Friday, 31 January, 2014

We’re delighted to announce the winners of our art competition for HMD 2014 – Drawing Inspiration.  Entries were made in three ages categories, all with a different focus around the theme for HMD 2014, Journeys.  Ages 7 – 11 looked at the experience of journeying on the Kindertransport, and ages 12 – 18 looked at forced journeys and journeys of escape.  The over 18s looked at journeys of genocide.

The competition was judged by the Arts Council England’s Senior Relationship Manager for Visual Arts, Sabine Unamun, HMDT Outreach Officer Suzanne Wright, HMDT trustee Dilwar Hussein and young artist Gideon Summerfield.

Winning entries, alongside the runners up for each age category, are on display at our Drawing Inspiration art exhibition at the A-side B-side gallery in Hackney. Entries will soon be added to the competition website drawinginspiration.com so watch this space!

7-11 year olds category: Kindertransport.  This category looked at the Kindertransport  mission that enabled 10,000 Jewish children to travel safely to the UK.

Winner, Kim Irvine Kindertransport

Kim says ‘My artwork is in colour and shows five children. They all have identity tags. They are at a train station but on the other side is a shipyard.  The children are upset – they have to leave their parents, and their family are at war, and they are worried they might not see their family again.’

The judges loved the detail and use of colour in Kim’s artwork. She has captured the emotion of the moment of saying goodbye in a very effective and sophisticated way that shows a lot of empathy and understanding.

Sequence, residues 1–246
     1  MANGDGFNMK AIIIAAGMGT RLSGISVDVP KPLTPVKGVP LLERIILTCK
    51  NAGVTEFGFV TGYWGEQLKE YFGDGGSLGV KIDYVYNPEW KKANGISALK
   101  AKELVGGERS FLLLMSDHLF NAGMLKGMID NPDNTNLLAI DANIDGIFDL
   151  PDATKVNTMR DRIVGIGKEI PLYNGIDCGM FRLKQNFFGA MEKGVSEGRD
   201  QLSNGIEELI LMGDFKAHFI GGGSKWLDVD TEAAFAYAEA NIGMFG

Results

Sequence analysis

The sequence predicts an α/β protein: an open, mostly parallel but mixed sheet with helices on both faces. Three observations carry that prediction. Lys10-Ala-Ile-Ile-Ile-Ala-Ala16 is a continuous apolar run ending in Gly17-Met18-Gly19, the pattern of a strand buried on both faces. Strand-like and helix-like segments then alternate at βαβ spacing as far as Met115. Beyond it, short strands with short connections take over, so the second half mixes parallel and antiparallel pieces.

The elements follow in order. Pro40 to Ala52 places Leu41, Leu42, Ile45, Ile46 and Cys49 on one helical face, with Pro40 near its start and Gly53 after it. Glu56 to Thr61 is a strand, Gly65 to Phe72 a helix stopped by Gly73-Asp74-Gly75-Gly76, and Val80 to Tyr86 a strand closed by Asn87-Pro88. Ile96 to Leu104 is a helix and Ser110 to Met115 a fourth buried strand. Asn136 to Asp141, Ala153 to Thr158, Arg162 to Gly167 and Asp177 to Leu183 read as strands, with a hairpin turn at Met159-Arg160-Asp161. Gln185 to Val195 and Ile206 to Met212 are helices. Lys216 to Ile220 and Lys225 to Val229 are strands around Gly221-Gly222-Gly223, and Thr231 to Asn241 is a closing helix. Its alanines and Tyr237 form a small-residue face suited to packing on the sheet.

Runner up, Ryan McGeown Freedom from Torture

Ryan says ‘My artwork shows the journey through the horrible atmosphere in Germany and Europe and how Jewish children had to make their way through to London to become legal members of the society, and were from then on treated with respect.

The judges were impressed by the structure of Ryan’s artwork – showing the atmosphere in Germany and then the UK on either side of the journey of escape. This is a mature idea, and he has drawn the different elements with a lot of artistic skill.

Runner up, Lujine Ibrahim Safety Lies Ahead

Lujine says ‘My piece of artwork features four siblings (young escaped Jews) looking over the hull of the ship which is now transporting them to their new home where they would be safe from the danger of the Nazis. As they are looking around them they begin to see hope represented by the rays of sun or light protruding from behind the landmarks from London and the people.’

The judges praised how Lujine has represented hope in this image, and shown the positive side of the story of Kindertransportees arriving to safety. The use of symbolism within the image is very strong, with the rays of light, the choppy sea and the signs in the background.

12-18 year olds category: Forced Journeys and Journeys of Escape

Winner, Charlotte Robinson Flight From Fear

Charlotte says ‘My piece of art is on Kristallnacht – the night of broken glass. You can see the synagogue burning in the background. There are three people escaping – a mother, a daughter and a son. They are all Jews who have seen the streets glitter with glass and the synagogue burn. They are all wearing the Star of David which was enforced during the Nazi period.

These Jews are all carrying suitcases full of the valuables and food they might need on their journey of escape. The dawn in the background is the colours of the German flag to show their location but also to show a new age of the dictatorship of Hitler.

The judges found Charlotte’s artwork very moving, and loved the thought she had put into her use of colour, and the story she is telling. The family in silhouette, identified only by the Stars of David is a clever way of showing how the Jews were losing their identity at this time.

Runner up, Hannah Martin Hedy’s Memories of the Holocaust